Cannabis Use Among Drivers in Fatal Crashes in Washington State Before and After Legalization – 2020 Research Brief
AAA Foundation for Traffic Safety, January 2020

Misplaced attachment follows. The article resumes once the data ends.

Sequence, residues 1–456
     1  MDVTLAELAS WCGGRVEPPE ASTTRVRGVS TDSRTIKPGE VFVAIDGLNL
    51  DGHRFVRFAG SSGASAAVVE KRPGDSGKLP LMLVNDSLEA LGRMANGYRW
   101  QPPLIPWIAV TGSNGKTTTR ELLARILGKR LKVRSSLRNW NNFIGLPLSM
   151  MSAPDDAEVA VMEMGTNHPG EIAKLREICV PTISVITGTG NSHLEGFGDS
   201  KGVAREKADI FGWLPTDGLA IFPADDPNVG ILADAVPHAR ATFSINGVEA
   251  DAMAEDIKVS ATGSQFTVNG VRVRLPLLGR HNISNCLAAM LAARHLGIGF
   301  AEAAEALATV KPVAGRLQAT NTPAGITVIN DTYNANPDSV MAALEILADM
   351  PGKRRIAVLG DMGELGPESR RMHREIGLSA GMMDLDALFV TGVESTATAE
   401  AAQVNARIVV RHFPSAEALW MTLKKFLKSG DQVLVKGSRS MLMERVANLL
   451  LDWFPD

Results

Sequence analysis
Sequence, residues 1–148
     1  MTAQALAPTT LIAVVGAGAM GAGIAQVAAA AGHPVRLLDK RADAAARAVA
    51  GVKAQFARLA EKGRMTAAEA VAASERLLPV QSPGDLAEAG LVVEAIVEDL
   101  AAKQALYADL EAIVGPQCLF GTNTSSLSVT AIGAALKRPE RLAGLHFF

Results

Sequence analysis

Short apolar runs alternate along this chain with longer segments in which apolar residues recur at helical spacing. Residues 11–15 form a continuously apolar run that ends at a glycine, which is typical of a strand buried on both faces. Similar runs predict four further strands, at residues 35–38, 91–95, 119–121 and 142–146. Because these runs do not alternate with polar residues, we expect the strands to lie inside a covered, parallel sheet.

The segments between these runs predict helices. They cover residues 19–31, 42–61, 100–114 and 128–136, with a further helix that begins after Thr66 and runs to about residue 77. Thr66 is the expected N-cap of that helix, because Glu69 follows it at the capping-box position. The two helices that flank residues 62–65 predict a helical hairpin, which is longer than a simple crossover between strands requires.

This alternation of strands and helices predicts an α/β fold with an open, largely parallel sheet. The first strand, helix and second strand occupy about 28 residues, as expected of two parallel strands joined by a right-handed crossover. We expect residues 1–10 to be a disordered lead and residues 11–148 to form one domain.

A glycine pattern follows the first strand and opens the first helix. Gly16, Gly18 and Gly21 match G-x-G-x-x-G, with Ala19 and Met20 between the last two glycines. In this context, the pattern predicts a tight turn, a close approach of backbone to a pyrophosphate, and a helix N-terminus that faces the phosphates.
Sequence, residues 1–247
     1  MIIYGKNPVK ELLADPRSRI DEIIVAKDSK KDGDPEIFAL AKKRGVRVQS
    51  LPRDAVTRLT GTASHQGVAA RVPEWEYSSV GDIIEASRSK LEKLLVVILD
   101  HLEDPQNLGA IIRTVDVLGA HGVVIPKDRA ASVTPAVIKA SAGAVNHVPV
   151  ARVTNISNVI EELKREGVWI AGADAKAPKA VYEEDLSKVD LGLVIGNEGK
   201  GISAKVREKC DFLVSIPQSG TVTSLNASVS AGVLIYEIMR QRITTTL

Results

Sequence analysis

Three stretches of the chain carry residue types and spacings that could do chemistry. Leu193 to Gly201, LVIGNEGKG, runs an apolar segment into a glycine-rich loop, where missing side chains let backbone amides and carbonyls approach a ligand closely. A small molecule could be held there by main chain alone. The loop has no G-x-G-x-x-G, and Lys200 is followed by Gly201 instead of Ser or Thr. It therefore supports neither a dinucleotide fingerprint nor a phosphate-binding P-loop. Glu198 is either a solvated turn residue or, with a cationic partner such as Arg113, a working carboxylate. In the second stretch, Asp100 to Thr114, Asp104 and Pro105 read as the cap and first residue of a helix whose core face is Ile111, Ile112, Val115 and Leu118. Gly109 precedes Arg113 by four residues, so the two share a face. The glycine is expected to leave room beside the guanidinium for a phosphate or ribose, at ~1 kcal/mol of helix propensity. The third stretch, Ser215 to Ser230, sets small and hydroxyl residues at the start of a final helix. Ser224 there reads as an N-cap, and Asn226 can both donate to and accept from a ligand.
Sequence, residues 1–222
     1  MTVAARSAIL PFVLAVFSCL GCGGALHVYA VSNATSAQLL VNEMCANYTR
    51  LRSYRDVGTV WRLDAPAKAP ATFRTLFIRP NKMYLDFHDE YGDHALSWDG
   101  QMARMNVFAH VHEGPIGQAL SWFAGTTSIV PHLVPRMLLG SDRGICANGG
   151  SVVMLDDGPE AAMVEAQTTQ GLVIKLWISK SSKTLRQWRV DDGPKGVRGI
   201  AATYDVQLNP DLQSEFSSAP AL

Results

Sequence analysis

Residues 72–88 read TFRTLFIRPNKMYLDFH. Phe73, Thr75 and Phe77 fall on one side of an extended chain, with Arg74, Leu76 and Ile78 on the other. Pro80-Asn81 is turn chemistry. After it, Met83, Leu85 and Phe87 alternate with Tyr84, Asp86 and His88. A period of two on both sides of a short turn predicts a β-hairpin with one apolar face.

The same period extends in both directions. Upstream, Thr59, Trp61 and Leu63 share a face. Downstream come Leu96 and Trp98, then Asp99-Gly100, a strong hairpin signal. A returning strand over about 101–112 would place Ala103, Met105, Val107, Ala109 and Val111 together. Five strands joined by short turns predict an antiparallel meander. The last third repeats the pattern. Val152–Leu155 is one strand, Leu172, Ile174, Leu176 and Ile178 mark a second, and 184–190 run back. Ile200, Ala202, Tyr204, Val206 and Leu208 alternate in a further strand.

Washington State Initiative 502 (I-502), effective Dec. 6, 2012, legalized possession of small amounts of cannabis for recreational use by adults aged 21 years and older. It also included a prohibition against driving with 5 or more nanograms of delta-9-tetrahydrocannabinol (THC) per milliliter of blood, along with a zero tolerance prohibition for drivers younger than 21 years of age. THC is the main psychoactive component in cannabis and detection of THC in blood is suggestive of recent use. A previous study by the AAA Foundation for Traffic Safety examined data from drivers involved in fatal crashes in Washington State in years 2010-2014 and estimated that the proportion of drivers with detectable THC approximately doubled several months after I-502 became effective (Tefft et al., 2016). The research reported here updates the previous study with three additional years of data, post-legalization. Multiple imputation was used to estimate the proportion of drivers who were THC-positive among those who were not tested for drugs or whose test results were unavailable. Results indicate that five years after I-502, the proportion of fatal-crash-involved drivers who are THC-positive has remained approximately double the level observed before I-502. An estimated 21% of all drivers involved in fatal crashes in Washington State in 2017 were THC-positive, higher than in any other year in the 10-year period examined.
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